By Morgaine Merch Lleuad
The ritual takes place on the second Tuesday of every month. She appears when the white sun is highest in the lilac sky, dressed in the same trousers and tunic, so shabby and old their colour has faded to no particular colour at all. They could be brown, they could be brownish-grey, they could once have been black. She carries the same bag each time, an old, sack-like shapeless thing, as unmemorable as her clothes, but with one difference: each time, there are three different ribbons tied to the handles. Red, green and black; orange, black and yellow; purple, green, white. They are the only things about her that stand out against the dull rust of the trees.
The bag is huge and heavy, although she is careful not to let it drag over the uneven ground, or bump it on the sharply metallic and stony bones, all that remains of the city. When she reaches the trees, she finds the softest spot, where the cushion of leaves has not yet begun to dissolve, and lays the bag gently on the ground. She opens it.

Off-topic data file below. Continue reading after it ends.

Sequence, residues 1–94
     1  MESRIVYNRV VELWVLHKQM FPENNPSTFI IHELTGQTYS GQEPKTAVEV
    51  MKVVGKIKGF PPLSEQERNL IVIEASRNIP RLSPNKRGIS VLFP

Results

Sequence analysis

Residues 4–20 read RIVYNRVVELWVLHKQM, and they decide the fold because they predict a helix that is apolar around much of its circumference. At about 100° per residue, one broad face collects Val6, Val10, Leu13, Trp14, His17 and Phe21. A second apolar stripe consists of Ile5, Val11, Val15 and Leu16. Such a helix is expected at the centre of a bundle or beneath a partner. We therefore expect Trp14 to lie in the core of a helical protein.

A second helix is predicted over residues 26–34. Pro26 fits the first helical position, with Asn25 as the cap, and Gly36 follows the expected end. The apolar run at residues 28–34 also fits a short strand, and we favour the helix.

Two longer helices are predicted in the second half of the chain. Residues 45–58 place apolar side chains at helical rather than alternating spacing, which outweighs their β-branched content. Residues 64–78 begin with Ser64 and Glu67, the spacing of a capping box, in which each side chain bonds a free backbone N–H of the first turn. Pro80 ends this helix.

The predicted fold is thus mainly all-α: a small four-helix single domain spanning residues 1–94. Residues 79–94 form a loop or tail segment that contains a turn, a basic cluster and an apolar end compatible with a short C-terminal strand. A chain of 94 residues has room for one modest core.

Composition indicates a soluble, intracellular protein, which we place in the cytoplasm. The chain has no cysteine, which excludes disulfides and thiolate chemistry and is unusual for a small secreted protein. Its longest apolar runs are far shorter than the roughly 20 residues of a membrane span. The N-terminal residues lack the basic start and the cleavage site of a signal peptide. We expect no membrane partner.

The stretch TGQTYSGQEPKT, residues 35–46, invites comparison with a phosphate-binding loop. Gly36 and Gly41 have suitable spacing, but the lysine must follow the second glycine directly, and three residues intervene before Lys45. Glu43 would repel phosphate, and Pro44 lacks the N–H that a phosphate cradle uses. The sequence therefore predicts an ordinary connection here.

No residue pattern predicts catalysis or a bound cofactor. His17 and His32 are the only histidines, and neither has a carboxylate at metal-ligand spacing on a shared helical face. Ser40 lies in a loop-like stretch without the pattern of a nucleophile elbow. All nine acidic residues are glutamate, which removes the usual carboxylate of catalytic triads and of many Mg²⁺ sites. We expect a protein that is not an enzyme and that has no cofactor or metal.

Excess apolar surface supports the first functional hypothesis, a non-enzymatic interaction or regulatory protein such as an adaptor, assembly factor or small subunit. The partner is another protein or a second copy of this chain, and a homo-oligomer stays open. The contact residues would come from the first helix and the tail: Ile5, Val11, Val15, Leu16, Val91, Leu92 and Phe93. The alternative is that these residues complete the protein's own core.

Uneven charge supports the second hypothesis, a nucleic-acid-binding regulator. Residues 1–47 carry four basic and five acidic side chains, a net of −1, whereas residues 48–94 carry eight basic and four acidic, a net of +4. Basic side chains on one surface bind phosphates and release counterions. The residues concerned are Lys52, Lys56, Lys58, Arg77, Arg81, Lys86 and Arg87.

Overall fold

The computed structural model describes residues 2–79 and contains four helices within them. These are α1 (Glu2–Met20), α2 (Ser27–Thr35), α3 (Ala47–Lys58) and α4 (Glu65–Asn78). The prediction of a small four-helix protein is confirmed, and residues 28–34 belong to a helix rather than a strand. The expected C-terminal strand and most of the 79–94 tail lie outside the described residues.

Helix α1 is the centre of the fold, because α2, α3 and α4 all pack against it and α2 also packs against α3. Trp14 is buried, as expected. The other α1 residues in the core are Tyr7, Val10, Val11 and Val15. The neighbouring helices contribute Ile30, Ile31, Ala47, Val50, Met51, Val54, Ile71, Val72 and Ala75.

She takes out a bundle of twigs, tied loosely at one end to form a brush. She places it down. As slowly as a dancer, she peels the bag down as far it will go, and takes out one, two, three cats, each in a harness which hobbles their paws and keep them from escape; unties the ribbons, one at a time, and attaches one to a harness; three ribbons, three harnesses. She pauses, examining each ribbon critically. Sometimes, she changes them, swapping one for another, or rarely, all three are moved between the still, silent animals.
She positions the cats along whatever ley line only she can sense, arranging them precisely, moving one head a quarter of a thumb, one tail, half a hand. They are never all facing the same way. The sun moves across a swathe of lilac by the time she is satisfied.
She takes up the twigbrush, breathes in and out, three times, closes her eyes and bows. Then, standing beside one cat, she stoops and switches it on the back, lightly, three times, before moving onto the next, and the last, the same three switches on each. She stands, bows again, returns the twigs to the ground, each motionless cat to the bag and finally, the twigs, rolling up the sides. She does not remove the ribbons. Slowly, she picks up the bag, careful not to let it drag over the uneven ground, or bump it on the sharply metallic and stony bones, all that remains of the city, and she walks back the way she came.
The cats don’t mind. They know there will be a rat for supper later, or even two. They know why she does this, every second Tuesday of every month (although they are the only living souls who do). They know there will only be three switches, which do not hurt.
There is never a fourth.